LOS ANGELES — It’s not typical for American icons to weigh in on the race for Los Angeles County Sheriff, but then again, this is not your typical race.
What You Need To Know
- At a fundraiser in Santa Monica, Stevie Wonder endorsed Lt. Eric Strong for Sheriff
- Wonder comparing Strong to a young Barack Obama
- Sheriff Alex Villanueva is seeking reelection and facing eight challengers in the June 7 primary
- Strong positioned himself as the most progressive candidate in the race
Incumbent Sheriff Alex Villanueva has faced calls to resign by his own party and the Board of Supervisors explored options for removing him, but there is no clear frontrunner to take him on heading into the June 7 primary.
At a fundraiser in Santa Monica, singer and civil rights activists Stevie Wonder sought to change that with his endorsement of Lt. Eric Strong.
“I don’t want to continue hearing people talk about what they’re going to do and they never do it,” Wonder said.
Strong began his career in 1993 at the Compton Police Department, following in his father’s footsteps. The department was disbanded in 2000 amid rising crime. The sheriff’s department took over, and Strong became a deputy.
He’s running against his boss, Alex Villanueva, as the most progressive candidate in a crowded field. He’s called for a full audit of the department’s finances, supports building up alternatives to prisons, and promises to end LASD’s deputy gang culture for good.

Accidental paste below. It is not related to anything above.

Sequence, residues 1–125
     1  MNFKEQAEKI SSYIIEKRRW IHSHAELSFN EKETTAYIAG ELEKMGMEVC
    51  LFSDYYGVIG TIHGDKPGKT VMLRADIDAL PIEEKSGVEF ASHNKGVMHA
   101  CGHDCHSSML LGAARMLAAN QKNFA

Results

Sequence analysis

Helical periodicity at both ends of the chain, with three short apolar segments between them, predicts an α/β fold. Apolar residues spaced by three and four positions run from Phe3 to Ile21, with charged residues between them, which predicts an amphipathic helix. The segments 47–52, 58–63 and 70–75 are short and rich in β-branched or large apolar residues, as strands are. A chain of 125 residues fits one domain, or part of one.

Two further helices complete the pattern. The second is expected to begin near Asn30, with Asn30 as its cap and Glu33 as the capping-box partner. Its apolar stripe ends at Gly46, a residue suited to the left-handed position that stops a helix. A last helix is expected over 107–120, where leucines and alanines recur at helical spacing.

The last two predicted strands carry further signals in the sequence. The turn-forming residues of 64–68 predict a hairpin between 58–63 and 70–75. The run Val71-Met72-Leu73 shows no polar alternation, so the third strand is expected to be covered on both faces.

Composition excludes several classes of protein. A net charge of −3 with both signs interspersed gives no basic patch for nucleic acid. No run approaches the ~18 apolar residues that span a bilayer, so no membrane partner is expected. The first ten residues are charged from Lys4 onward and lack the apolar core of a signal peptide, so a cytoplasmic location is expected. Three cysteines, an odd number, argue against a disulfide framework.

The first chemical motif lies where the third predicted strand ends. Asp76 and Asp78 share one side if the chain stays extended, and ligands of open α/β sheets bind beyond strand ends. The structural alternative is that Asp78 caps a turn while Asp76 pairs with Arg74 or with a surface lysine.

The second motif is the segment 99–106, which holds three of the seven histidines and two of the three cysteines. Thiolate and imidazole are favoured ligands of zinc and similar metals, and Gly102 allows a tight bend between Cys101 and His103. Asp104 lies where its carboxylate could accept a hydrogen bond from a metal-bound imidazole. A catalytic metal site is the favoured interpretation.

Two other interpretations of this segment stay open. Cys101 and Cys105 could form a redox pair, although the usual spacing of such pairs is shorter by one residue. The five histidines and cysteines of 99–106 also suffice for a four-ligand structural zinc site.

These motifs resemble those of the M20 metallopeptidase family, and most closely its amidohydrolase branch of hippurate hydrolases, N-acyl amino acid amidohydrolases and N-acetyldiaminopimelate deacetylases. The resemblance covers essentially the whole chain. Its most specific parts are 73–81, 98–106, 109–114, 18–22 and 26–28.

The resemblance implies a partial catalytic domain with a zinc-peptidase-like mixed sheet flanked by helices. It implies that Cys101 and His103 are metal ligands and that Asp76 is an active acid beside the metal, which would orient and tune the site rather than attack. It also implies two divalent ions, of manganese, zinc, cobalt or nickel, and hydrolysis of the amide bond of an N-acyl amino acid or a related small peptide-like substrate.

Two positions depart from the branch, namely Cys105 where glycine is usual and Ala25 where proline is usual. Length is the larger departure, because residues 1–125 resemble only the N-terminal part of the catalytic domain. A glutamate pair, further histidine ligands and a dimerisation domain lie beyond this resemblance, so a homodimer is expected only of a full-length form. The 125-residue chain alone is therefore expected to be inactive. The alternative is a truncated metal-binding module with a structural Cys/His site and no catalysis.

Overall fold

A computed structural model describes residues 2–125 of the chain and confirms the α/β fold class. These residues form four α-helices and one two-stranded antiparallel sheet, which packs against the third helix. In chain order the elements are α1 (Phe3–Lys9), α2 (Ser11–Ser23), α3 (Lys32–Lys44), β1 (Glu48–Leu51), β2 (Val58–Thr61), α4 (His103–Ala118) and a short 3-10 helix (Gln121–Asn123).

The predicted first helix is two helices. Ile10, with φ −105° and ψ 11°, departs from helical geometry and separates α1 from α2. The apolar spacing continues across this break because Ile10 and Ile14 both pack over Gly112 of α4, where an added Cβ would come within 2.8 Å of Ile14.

“We have deputy sheriffs coming out , and that’s very difficult to do, and they say there are deputy gangs in our department and they’re a problem, and then those deputy sheriffs are the one who are ostracized and ridiculed by the top leader in the department,” Strong said. “That’s a problem.”
Villanueva supported a new law that bans law enforcement gangs in California and announced an internal policy that bans “cliques” that break the law, but has also downplayed the issue of deputies getting secret, matching tattoos.
“When I was working patrol in East LA, there was a group called the Cavemen. I worked side by side with them. I was not invited. I did not get the tattoo. There was no difference between what I did and what they did,” Villanueva said at a press conference in September.
Earlier this year, Villanueva sent a cease-and-desist letter demanding the Board of Supervisors to stop using the term “deputy gangs” to refer to secret groups that operate in the department.
Strong is one of eight challengers seeking to make it through the primary. This week, the Los Angeles Times endorsed former Long Beach Chief of Police Robert Luna, citing his leadership experience and outsider status, but noted Strong “has a lot to offer.”
At the Santa Monica fundraiser, Strong hoped the Wonder endorsement showed his campaign was taking off at the right moment. Wonder said Strong reminded him of when he first met Barack Obama when the future president was running for Senate.
“It’s an honest endorsement,” Wonder said.